Jazz Ensemble gets funky in the Performing Arts Center

Morgan Reddekopp, News Reporter

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Wednesday, Nov. 8, Winona State University’s Jazz Ensemble held a concert in the Vivian Fusillo Main Stage Theater in the Performing Arts Center auditorium. Winona State’s Jazz Ensemble had been directed by Professor Rich MacDonald in the past, but this year is being directed by Dave Gudmastad who is filling in while MacDonald is on sabbatical.

Jared Lancette, junior trumpet player, said he was pleased with how the concert went, and is excited for the new music to come next semester.

“This was a great concert for our band. Our group really has excellent chemistry and we’ll only continue to improve,” Lancette said. “Dave has done an exceptional job filling in for Dr. MacDonald. I’m excited to get started on tunes for next semester. My favorite song was ‘Absoluticrous’ by Gordon Goodwin. It was my favorite because I love playing funk tunes. Our group played that piece especially well.”

Both Lancette and Gudmustad thought that the piece “Count Bubba” provided a few challenges to the ensemble, but the ensemble overcame them and played the song well.

“I’d say that ‘Count Bubba’ was the most challenging. Each section of the band had a soli (a solo performed by an entire section of the ensemble) that required a great deal of practice. Everyone in the band did their part and we played the tune well,” Lancette said.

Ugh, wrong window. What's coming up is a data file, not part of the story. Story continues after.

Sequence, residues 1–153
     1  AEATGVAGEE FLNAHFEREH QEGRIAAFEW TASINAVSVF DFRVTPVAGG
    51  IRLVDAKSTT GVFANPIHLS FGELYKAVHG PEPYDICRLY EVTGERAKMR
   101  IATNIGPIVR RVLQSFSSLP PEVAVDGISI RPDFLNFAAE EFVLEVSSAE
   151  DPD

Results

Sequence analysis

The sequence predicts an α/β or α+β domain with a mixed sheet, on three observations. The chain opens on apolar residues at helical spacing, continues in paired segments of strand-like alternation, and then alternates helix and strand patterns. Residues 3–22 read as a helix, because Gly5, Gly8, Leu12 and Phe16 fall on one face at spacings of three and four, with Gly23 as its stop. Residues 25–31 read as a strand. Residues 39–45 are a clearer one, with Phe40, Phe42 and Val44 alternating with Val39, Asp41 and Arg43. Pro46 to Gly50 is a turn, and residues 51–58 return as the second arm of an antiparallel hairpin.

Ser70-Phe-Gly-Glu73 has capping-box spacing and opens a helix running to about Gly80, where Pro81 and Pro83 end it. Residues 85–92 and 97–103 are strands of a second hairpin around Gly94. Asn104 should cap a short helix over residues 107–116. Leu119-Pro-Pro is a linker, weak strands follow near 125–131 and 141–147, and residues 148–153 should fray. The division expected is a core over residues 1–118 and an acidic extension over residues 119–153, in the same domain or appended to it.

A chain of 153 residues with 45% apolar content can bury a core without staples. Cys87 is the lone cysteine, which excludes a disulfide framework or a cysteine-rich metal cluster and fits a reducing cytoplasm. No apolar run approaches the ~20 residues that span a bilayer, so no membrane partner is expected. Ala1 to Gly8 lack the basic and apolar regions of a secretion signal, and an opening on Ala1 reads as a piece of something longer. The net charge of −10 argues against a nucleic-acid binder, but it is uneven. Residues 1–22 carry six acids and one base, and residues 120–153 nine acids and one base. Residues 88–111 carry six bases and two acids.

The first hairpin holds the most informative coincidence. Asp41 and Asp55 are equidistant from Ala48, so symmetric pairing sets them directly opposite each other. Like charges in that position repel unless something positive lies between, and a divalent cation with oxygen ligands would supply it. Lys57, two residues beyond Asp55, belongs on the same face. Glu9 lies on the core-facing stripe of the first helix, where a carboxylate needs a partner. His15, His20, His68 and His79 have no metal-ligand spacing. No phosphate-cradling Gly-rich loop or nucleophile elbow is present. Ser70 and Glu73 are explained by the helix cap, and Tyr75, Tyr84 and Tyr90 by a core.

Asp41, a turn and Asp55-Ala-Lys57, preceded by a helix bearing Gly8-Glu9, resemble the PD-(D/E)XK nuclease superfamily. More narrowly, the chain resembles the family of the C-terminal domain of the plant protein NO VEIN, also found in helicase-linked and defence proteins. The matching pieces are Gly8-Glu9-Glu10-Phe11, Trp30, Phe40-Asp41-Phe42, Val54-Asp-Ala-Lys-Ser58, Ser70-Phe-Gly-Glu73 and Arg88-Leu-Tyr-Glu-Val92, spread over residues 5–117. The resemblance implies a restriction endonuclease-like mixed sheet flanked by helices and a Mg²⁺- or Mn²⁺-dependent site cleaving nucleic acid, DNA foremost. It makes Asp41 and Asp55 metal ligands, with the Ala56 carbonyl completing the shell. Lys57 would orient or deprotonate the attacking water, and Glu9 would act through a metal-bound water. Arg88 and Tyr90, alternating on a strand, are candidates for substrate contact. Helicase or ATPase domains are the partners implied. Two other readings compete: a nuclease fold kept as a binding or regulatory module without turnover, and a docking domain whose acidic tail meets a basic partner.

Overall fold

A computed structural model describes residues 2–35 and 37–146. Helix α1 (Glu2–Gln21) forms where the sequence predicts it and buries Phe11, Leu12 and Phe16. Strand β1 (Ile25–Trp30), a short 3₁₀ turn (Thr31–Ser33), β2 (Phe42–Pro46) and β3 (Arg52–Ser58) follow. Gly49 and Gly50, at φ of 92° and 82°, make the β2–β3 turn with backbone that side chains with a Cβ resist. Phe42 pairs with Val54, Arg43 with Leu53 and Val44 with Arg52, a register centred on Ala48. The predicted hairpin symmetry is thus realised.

Gudmastad thought that the piece “The Last Tangle of Lord Boogie” provided a few challenges for the ensemble.

“The Last Tangle of Lord Boogie’ provided serious challenges because of the time signatures. The piece demanded intense, deliberate counting from everyone,” Gudmastad said. “‘Count Buba’ was challenging because each horn section (trumpets, saxes, trombones) was required to perform at times without the benefit of rhythm section support.”

Gudmastad worked hard to ensure variety in the styles of jazz performed by the ensemble.

“My goal was to program music that provided both the players and audience a wide variety of jazz styles that included swing, funk, Latin, ballad, etc.,” Gudmastad said.

In order for group practices to run smoothly, everybody must also practice individually outside of group practice. According to Gudmastad, the Jazz Ensemble did a wonderful job keeping up with their practicing.

“To prepare, we used the regular ensemble practices, sectionals, and individual practice. I place a high priority on individual practice and preparation,” Gudmastad said. “The ensemble practice is not the time to solve individual problems. The ensemble members have outstanding work ethics.”